The United Nations has described recent increases in food prices worldwide as an unprecedented challenge of global proportions. 

UN Secretary-General Ban Ki-moon said the world faced the risk of widespread hunger, malnutrition and social unrest. 

He said the immediate priority was to feed the hungry, calling on the international community to provide the World Food Programme all of the €485m in emergency funds it needs for the crisis.

Mr Ban was speaking after a meeting with the head of the World Bank, the World Food Programme and the Food and Agriculture Organisation. His comments were streamed live on RTÉ.ie/live.

27 international agency heads were involved in the talks in Berne, which aimed to chart a solution to food price rises that have caused hunger, riots and hoarding in poor countries.

The international bodies called on countries not to restrict exports of food to secure supplies at home, warning that could only make the problem worse.

'Though we have seen wheat prices fall over the last few days, rice and corn prices are likely to remain high, and wheat relatively so,' World Bank President Robert Zoellick said.

The FAO's Food Price Index, measuring the market prices of cereals, dairy produce, meat, sugar and oils, was 57% higher in March 2008 than a year earlier.

The surge in prices is due to several factors, including increased demand in developing countries, higher fuel costs, drought in Australia, the use of crops for biofuels, and speculation on global commodity markets.

Higher costs of wheat, rice, and other staples have put extreme pressure on aid providers such as the WFP, a UN agency aiming to feed 73m people this year.

'We could afford 40% less food today than we could last June simply due to the soaring food prices,' said WFP Executive Director Josette Sheeran.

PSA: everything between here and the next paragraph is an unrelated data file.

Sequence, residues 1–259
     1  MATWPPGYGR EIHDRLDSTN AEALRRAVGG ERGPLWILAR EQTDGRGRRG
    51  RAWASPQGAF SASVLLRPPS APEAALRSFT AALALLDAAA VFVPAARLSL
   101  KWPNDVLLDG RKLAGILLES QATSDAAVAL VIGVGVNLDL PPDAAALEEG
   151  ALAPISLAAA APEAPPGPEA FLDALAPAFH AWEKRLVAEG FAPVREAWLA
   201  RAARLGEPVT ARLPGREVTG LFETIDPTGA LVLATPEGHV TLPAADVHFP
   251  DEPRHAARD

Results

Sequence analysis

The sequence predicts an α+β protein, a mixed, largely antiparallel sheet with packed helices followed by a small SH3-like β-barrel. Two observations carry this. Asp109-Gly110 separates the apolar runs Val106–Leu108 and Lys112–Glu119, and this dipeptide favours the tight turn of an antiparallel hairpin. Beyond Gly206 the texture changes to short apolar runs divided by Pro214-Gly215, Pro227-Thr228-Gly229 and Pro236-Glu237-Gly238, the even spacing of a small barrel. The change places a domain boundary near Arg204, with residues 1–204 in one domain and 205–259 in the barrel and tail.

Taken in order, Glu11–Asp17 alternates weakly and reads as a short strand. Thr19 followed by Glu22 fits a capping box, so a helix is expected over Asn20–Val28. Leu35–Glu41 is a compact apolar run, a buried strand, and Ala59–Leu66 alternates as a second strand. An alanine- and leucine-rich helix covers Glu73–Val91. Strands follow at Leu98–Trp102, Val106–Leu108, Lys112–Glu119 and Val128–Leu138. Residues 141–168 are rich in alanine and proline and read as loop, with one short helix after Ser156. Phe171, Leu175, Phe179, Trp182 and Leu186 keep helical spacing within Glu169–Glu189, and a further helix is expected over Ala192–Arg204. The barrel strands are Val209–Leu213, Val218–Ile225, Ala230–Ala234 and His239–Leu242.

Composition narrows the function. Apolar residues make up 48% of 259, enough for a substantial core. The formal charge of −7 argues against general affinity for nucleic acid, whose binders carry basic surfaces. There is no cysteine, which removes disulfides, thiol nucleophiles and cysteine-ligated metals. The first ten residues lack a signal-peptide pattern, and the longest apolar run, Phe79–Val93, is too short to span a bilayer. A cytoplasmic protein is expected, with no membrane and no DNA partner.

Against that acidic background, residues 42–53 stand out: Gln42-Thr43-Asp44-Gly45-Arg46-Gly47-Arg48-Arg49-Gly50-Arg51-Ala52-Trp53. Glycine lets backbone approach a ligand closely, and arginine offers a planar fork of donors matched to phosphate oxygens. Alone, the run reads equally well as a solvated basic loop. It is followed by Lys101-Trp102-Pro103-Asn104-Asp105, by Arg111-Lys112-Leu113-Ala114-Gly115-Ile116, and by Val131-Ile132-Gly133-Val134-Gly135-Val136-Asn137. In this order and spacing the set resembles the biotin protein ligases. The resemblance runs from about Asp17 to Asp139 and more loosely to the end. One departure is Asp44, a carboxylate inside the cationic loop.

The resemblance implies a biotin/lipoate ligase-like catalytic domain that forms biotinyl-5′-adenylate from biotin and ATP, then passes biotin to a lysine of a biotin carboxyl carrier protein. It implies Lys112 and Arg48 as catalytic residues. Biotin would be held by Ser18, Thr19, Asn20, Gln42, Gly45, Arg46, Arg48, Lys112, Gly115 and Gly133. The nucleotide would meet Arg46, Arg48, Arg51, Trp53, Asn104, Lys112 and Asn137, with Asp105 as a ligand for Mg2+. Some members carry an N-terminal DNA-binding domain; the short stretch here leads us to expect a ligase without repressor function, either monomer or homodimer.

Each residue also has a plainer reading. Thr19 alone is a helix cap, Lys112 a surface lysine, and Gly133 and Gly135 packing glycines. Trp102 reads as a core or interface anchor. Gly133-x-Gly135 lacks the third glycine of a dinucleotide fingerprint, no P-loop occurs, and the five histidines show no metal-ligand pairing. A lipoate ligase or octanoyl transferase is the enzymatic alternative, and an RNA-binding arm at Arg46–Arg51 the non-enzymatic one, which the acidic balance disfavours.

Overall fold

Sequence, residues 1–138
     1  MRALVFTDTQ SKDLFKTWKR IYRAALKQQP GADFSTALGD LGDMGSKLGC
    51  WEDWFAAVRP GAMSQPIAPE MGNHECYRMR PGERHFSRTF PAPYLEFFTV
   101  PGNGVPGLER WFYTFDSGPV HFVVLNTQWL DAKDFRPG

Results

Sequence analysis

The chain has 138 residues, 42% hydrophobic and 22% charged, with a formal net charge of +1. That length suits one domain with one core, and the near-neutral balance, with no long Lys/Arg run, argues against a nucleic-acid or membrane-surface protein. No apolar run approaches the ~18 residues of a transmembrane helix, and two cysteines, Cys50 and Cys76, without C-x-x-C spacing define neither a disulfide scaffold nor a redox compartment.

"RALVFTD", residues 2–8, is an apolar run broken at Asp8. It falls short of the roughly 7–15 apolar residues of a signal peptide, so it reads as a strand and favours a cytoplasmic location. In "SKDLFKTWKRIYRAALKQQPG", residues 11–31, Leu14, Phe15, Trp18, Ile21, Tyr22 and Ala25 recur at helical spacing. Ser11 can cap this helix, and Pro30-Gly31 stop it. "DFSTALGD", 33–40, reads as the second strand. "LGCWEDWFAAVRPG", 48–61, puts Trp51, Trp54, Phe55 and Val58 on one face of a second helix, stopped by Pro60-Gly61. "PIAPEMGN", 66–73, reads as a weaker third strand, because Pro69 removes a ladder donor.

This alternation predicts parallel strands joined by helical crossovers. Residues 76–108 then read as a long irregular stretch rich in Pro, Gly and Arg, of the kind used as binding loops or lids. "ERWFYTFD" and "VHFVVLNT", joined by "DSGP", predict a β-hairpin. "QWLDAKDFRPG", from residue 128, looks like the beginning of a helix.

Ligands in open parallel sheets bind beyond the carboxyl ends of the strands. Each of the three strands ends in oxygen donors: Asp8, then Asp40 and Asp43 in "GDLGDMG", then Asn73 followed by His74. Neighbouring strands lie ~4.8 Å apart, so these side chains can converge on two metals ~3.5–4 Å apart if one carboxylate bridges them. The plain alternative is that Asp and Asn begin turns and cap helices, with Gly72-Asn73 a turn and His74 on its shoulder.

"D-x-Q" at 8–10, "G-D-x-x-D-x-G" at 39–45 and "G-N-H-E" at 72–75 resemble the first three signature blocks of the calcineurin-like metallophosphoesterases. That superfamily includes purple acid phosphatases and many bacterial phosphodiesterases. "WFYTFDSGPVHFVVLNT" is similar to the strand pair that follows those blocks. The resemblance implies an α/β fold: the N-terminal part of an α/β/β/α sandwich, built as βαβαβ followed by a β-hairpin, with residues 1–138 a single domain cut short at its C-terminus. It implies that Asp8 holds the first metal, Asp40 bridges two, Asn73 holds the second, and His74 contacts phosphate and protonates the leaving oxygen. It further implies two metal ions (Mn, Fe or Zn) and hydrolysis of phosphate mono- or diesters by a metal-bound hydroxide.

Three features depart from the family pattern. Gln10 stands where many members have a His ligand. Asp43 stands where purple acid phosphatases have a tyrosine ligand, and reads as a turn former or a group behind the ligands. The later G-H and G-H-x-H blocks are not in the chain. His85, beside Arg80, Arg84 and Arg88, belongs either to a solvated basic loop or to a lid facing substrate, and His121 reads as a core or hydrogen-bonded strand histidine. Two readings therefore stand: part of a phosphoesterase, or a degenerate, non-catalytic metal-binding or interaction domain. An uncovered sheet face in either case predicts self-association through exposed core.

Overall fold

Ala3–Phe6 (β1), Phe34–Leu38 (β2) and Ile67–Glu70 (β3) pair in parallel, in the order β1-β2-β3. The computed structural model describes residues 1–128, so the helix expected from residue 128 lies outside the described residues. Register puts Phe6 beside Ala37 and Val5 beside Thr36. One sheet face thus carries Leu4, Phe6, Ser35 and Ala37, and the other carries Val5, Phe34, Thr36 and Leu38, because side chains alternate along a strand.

The World Bank said it was considering setting up a rapid financing facility to help poor countries hit by the crisis, and will double lending for agriculture in Africa over the next year to €515m.

Rising food prices have hurt the growing mass of urban poor in developing countries most but have done little to help poor farmers, who are wary of growing more food because of the concurrent rise in fuel and fertiliser costs, Mr Zoellick said.

Besides the short-term emergency response, the international community must focus on longer-term solutions including efforts to bolster the world trading system, he said.

'The emergency is critical, but we can't stop there. We have to work with these other pieces,' he said.

World Trade Organisation Director-General Pascal Lamy said the crisis was another urgent reason to conclude successfully the Doha round of trade talks to open up world trade.

The round, launched in 2001, aims to liberalise trade in food and other goods and services by cutting tariffs and subsidies.

'If you want supply to increase then you have to make sure that trade works,' he said.